When I ask my ten-year-old grandson to bike over to the college library down the street and fetch me a book, I am always surprised how quickly he returns. He just punches a few buttons on the library computer, selects an author or title, and right there in front of him, displayed on the monitor, is the location of the book in the library. Half a million books and he gets the right one in seconds, at ten years of age.
Fifty-seven years ago, when I was ten, there was no such thing as a computer. But even then I could go to the town library for my father and, in half an hour or so, find the right book. Inside the front door of our Greco-Roman-looking library was a neat cabinet with lots of little drawers—the card catalogue. All the authors and titles of the library’s books were arranged in alphabetical order, telling how the books were organized on the shelves. There were the sections for literature, history, arts, social sciences, natural sciences and religion. It worked like the computer does for my grandson, though it took me a little longer and I did not have nearly so nice a skinny-tired “racer” to ride home.
People have been working imaginatively for 5,000 years to keep track of, store, and retrieve information they want to remember. Archaeologists digging in Mesopotamia tell us that before 3000 B.C.E. people were keeping track of things they were buying and selling, and of money others owed them, by making marks on clay tablets. Before that they probably made notches on sticks or stones to remember things.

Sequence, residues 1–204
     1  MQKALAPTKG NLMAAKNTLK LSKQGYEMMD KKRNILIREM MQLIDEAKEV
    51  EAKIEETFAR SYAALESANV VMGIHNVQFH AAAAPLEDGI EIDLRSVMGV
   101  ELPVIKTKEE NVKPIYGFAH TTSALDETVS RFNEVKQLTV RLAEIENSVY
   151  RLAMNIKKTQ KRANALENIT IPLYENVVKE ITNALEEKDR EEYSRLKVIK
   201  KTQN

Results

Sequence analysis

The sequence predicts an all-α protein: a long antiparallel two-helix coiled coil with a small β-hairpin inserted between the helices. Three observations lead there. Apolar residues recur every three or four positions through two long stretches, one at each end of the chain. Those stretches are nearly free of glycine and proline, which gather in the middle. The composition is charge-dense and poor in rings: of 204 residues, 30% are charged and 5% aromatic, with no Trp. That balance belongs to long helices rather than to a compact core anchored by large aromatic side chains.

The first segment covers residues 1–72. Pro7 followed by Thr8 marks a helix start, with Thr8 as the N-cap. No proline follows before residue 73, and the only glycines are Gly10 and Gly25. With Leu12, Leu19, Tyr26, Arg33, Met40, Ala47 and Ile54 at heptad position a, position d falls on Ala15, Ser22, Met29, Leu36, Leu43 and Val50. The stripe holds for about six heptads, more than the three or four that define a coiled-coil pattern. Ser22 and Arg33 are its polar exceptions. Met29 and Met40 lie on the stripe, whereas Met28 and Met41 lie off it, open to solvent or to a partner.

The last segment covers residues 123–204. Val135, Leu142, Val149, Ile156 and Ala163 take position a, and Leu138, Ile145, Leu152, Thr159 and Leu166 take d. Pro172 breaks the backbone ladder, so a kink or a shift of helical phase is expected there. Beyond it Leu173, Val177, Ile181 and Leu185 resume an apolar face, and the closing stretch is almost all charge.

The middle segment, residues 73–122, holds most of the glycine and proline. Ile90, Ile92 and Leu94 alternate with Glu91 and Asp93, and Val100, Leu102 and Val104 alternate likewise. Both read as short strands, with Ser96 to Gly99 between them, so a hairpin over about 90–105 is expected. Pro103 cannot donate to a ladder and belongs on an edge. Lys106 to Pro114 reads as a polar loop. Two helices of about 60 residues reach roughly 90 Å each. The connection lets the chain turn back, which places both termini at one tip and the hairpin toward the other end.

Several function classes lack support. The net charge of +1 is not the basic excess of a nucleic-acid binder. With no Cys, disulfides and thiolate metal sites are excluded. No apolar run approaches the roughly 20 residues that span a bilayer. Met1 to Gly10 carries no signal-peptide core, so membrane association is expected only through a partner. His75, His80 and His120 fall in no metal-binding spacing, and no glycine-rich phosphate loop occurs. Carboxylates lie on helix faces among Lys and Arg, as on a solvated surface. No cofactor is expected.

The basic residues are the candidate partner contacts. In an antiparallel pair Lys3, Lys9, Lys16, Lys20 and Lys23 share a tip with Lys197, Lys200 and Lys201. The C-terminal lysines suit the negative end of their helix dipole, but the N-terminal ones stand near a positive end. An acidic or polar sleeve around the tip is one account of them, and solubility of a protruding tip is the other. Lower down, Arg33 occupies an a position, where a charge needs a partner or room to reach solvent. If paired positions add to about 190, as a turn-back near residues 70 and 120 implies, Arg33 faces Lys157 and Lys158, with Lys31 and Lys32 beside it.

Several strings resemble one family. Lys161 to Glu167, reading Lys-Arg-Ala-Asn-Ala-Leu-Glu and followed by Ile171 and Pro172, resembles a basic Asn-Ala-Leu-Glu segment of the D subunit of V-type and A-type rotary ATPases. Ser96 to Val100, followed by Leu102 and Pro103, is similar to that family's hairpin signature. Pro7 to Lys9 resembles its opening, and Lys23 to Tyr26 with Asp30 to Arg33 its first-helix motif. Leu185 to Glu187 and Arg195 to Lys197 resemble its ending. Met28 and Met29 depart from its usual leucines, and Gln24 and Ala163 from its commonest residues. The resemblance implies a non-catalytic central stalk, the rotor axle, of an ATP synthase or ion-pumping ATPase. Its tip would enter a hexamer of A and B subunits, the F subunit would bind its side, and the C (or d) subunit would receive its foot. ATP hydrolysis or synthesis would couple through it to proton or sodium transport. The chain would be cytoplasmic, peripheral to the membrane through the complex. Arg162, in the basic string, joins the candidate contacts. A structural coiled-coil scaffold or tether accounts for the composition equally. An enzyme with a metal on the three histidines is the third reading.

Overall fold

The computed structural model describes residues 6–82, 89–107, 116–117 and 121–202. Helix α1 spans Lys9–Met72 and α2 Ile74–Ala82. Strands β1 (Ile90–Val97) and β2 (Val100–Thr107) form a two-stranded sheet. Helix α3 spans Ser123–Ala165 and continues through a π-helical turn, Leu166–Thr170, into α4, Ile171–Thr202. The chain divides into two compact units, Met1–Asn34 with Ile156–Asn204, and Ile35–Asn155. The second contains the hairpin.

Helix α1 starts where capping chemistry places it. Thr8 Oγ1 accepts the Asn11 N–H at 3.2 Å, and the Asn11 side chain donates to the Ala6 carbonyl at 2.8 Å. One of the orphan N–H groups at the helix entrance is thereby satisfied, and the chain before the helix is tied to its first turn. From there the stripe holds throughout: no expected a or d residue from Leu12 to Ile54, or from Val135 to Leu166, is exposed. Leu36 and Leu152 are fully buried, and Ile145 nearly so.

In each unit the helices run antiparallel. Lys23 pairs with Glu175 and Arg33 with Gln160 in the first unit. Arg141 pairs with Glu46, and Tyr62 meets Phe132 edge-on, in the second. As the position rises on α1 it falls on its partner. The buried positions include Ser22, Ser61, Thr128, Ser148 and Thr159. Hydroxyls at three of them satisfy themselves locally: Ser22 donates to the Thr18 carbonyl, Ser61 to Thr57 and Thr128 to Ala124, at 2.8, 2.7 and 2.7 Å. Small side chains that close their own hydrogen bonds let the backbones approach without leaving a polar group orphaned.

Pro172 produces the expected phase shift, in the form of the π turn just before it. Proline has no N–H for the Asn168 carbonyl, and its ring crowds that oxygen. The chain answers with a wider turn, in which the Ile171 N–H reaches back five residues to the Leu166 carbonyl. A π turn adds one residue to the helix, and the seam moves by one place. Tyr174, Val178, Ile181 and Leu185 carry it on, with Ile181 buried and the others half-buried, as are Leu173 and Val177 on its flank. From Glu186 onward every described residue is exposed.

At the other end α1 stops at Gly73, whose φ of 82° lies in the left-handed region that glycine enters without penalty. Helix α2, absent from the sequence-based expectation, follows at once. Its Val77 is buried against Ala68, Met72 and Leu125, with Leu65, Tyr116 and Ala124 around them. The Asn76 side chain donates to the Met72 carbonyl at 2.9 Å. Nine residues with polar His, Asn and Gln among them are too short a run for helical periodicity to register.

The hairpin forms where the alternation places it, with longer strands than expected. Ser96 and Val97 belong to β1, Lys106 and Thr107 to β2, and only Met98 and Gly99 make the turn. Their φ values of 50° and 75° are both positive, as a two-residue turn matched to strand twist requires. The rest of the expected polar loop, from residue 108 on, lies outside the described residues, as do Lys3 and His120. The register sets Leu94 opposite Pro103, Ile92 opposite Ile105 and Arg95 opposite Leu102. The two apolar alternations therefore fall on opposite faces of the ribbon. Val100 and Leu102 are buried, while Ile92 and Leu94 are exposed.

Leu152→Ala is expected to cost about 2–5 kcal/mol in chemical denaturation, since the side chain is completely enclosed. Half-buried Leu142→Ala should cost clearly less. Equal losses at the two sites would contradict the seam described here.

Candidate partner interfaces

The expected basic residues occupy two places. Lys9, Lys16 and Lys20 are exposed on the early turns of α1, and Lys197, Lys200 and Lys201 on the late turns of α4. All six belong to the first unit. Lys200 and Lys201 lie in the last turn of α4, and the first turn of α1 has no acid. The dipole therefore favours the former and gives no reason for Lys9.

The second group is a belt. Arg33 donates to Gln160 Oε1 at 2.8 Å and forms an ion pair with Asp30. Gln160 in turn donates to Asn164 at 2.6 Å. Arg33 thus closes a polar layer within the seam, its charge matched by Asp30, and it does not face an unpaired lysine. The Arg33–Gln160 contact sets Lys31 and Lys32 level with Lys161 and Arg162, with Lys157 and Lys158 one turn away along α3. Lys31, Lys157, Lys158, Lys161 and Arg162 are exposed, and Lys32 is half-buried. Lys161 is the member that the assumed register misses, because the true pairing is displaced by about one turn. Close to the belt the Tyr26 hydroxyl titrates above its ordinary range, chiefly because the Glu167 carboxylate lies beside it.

When writing became popular and books or scrolls began to appear in great numbers, the problem became more complicated. So a man named Callimachus of Cyrene (c. 305–235 B.C.E.) developed the world’s first card catalogue—to organize the books (scrolls) in the immense collection of the ancient library of Alexandria in Egypt.a
The Alexandria Library was established by Ptolemy I Soter in 306 B.C.E., some 25 years after Alexander the Great had founded the city in the Nile Delta. By the time of Jesus, the library held a million volumes. Here, around 300 B.C.E., Euclid wrote his study of plane geometry, Elements; here Eratosthenes of Cyrene (c. 275–195 B.C.E) accurately measured the Earth’s circumference. The library contained books from Mesopotamia, Anatolia, the Levant, Greece and North Africa. Here the works of the great classical authors, like Homer and Plato, were first redacted.
Callimachus apparently began working at the library after he turned 20. By the mid-third century B.C.E., the library’s collection grew to more than 500,000 volumes. To keep track of all these books, Callimachus created a library catalogue called the Pinakes—which worked just as well as your Pentium, though it took a little longer.
Although the Pinakes has disappeared, we know a lot about it because ancient authors referred to it. (Perhaps the current excavations at the site of the library will find a copy.) In the 10th century C.E., for example, the great Arab scientist Ibn al-Nadim, a professor at the university in Baghdad, published the al-Fihrist, a survey of all the literature known in Islamic culture at that time; al-Nadim’s work was deliberately organized on the model of Callimachus’s Pinakes.